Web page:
Ten Interesting Facts to Check in London:
Most people know that the Queen lives at Buckingham Palace, Liverpool was home to the Beatles and the River Thames is the longest river in England.
But here is a selection of interesting facts that you may not know about London and which you can check out on your London holiday. Aside from being interesting facts, they help make your London visit more enjoyable.
- There are currently four World Heritage Sites in the city of London: the Palace of Westminster (Houses of Parliament), the Tower of London, Maritime Greenwich and Kew Gardens – and they’re all along River Thames and certainly worth visiting.
- It’s easy to spot residences of (deceased) famous people in London – there are 800 distinctive blue plaques (www.english-heritage.org) affixed to walls, spotlighting poets, pioneers and politicians. From Jimi Hendrix and Handel to Sir Stamford Raffles, founder of Singapore. Up to 15 new ones are added to the roll-call each year.
- You can ride a classic red Routemaster bus on two routes through London, for the price of an ordinary fare. Numbers 9 and 15 travel via Trafalgar Square every 15 minutes and are a fine way to see the sights, especially from the upper deck.
- There are many galleries just as exciting as Tate Modern (www.tate.org.uk) but less well known. In London’s East End, the century-old Whitechapel Gallery (www.whitechapelgallery.org) has reopened after an expansion which doubles its size and showcases an intriguing mixture of local and international art.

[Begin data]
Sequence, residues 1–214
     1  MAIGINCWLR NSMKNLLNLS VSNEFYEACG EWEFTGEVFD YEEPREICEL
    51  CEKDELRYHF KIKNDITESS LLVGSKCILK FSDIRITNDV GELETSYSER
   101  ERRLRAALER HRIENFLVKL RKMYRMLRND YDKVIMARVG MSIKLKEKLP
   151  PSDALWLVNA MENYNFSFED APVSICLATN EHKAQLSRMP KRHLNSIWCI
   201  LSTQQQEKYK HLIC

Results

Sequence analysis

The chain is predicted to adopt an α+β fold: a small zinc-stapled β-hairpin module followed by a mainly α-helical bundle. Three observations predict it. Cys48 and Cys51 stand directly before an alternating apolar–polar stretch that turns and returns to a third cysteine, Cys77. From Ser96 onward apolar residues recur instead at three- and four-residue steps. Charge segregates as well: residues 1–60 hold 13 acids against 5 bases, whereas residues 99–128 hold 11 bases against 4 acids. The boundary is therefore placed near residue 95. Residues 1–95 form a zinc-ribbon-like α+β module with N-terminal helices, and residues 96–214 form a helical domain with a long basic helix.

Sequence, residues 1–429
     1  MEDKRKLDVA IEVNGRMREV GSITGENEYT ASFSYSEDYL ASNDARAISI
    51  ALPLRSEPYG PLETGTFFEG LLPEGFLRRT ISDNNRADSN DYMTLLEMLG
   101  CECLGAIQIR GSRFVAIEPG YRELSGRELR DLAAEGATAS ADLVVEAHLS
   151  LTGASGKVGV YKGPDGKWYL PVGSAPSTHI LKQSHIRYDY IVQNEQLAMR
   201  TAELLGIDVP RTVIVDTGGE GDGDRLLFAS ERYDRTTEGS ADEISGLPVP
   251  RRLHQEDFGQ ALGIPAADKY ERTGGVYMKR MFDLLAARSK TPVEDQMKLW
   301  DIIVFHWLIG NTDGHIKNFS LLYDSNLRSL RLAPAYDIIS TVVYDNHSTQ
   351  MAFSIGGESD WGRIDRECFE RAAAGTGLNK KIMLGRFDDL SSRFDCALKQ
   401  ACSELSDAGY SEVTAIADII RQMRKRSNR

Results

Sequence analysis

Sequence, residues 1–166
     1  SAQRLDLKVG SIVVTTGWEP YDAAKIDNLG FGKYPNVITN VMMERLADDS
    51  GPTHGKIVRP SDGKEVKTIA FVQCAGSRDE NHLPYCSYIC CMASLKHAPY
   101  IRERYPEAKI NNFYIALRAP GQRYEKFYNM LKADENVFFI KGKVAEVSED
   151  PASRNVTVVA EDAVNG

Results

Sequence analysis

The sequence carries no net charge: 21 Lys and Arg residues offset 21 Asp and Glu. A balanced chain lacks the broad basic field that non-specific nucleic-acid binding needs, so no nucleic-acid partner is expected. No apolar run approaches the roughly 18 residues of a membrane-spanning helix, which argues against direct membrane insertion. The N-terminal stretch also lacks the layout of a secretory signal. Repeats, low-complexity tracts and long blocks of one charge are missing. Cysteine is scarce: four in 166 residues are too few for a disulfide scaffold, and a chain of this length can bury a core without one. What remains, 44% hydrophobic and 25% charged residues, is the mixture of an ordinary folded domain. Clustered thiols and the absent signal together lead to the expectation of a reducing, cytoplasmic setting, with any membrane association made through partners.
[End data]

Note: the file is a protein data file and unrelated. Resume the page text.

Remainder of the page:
- London is full of wonderful small museums that rarely make the London itineraries and are often overlooked. Many of these local and specialist museums are Free to visit or charge a cheap entry fee. They offer special insider’s knowledge and are often located in areas of London teeming with history and atmosphere.
- Waterway holidays are a delightful way of seeing London. A self-drive narrow boat (no previous experience needed) is a comfortable base from which to explore the 200 year-old canal system at a leisurely pace.
- It’s not just homes that are stately. Some pubs are more like palaces, filled with varnished mahogany, ceramics and engraved mirrors, all enjoyed for the price of a drink. Most cities have at least one example: the newly restored Princess Louise in London’s Holborn is an example.
(Address: 208-209 High Holborn, London, WC1V 7BW)
- For a scrumptious afternoon tea, visit a National Trust (www.nationaltrust.org) property. The charity has more than 140 tea-rooms, many in unusual buildings including castles, lighthouses, stables, and even hot-houses. Some serve historical menus reflecting the heyday of the property.
- The modern game of tennis originated here in the 19th century. Wimbledon, (www.wimbledon.org) home of the world’s leading tournament has a fascinating museum devoted to the sport, with artefacts dating from 1555.
- The Great British Heritage Pass (www.britishheritagepass.com) allows you to skip the queues at places. In London, the Great British Heritage Pass lets you discover fascinating locations such as St Paul’s Cathedral, Jewel Tower, Shakespeare’s Globe, Apsley House, Wellington Arch, Royal Albert Hall and Hampton Court Palace.